Biden to double down on U.S. efforts to get extra Individuals vaccinated by the Fourth of July
U.S. President Joe Biden speaks in the South Court Auditorium in Washington, D.C., on Wednesday, May 12, 2021.
Oliver Contreras | Sipa | Bloomberg | Getty Images
President Joe Biden on Wednesday plans to double down on his administration’s efforts to get more Americans vaccinated against Covid-19 by July 4, a date the president has said he hopes will mark a turning point in the pandemic in the U.S.
In early May, Biden announced his administration’s new goals in the fight against the coronavirus: getting 70% of U.S. adults to receive at least one dose of a Covid vaccine and having 160 million adults fully vaccinated by Independence Day.
Speaking from the White House on Wednesday, Biden will announce June as a “national month of action” to get more Americans vaccinated by July 4, a White House official told NBC News.
The president will also outline “an all-of-America approach” to his vaccine campaign, which will mobilize national organizations, community-based and faith-based partners, celebrities, athletes and other influential groups, the official said.
“The steps announced will make it even easier to get vaccinated, mobilize the country around vaccine outreach and education efforts, and incentivize vaccination,” the official told NBC News.
In details released ahead of Biden’s speech, the White House said the administration has asked pharmacies to extend their hours for the month of June and disclosed it is partnering with child care providers to offer free services to all parents getting vaccinated or recovering from the shots.
The administration is also organizing efforts to make calls and texts to people in areas with low vaccination rates and is challenging mayors to compete with each other to see which city can grow shot rates the quickest, according to an email from the White House.
Other administration efforts include “Shots at the Shop,” an initiative that will engage Black-owned barbershops and beauty salons across the country to support local vaccine education and outreach efforts.
Biden and Vice President Kamala Harris will also lead a nationwide tour – called “We Can Do This” National Vaccination Tour – which will highlight “the ease of getting vaccinated, encourage vaccinations, and energize and mobilize grassroots vaccine education and outreach efforts,” according to the White House.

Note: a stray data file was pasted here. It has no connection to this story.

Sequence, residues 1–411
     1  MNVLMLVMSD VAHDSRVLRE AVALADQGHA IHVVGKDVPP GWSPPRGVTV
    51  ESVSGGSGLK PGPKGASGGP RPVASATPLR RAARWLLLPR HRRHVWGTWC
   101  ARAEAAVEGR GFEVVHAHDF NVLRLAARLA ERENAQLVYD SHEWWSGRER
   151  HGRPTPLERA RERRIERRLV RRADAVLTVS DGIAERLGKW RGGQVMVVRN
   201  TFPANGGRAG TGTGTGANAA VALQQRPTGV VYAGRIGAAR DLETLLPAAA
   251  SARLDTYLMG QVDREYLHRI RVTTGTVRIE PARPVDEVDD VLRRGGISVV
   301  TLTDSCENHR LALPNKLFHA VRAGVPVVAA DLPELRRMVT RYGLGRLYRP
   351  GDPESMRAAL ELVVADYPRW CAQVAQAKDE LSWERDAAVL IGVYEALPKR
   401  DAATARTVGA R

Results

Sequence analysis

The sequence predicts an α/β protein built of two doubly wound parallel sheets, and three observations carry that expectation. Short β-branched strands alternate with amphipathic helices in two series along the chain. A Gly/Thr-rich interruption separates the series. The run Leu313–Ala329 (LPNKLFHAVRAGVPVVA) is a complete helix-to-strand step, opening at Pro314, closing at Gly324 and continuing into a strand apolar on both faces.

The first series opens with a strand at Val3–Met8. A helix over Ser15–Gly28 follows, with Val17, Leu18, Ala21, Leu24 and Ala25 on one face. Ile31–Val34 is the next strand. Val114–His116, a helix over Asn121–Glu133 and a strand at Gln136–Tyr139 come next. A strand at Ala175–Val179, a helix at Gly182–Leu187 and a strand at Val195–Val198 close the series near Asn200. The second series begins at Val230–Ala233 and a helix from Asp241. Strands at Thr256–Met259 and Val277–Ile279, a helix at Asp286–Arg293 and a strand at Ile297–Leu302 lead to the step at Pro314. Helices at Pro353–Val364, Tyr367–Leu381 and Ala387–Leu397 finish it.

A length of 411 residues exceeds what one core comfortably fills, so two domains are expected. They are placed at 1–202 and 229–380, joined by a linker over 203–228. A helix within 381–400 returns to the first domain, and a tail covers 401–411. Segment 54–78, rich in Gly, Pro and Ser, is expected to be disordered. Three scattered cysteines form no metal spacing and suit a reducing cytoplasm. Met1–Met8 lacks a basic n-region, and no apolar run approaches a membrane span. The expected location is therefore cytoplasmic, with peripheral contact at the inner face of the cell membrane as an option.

As of Tuesday, more than 162 million U.S. adults, or 62.8% of people 18 and over, have received at least one Covid vaccine, according to data compiled by the Centers for Disease Control and Prevention. More than 133 million U.S. adults are fully vaccinated, according to the CDC.
There was an average of 1.2 million Covid shots administered every day over the last week in the U.S. But some of the data over the long holiday weekend is incomplete, so vaccination rates may be higher.
Public health experts say Biden’s vaccination goal may pose a challenge for his administration as the U.S. has already inoculated those most enthusiastic about getting a vaccine.
Kevin Hensley is given the J&J COVID vaccine in coordination with the Cook County Health Dept. and the Chicago White Sox. Recipients were given a $25 card for discounts on concessions before Game One of a doubleheader at Guaranteed Rate Field on May 29, 2021 in Chicago, Illinois.
David Banks | Getty Images
In order to administer millions of more inoculations in the next four weeks, the White House has said the president will take additional steps to encourage more people to get vaccinated and make it easier for them to do so.
Biden has said getting a Covid vaccine is “as easy as ever,” with many vaccination sites across the U.S. offering walk-ins.
The Biden administration in April launched a massive campaign to persuade more Americans to take the vaccines, which is using social media and virtual events where celebrities and athletes answer people’s lingering questions about the vaccines.
The CDC has updated its public health guidance to say that fully vaccinated people no longer need to wear a face mask or stay 6 feet away from others in most settings, whether outdoors or indoors. Many public health experts say the change was designed to encourage more people to get vaccinated.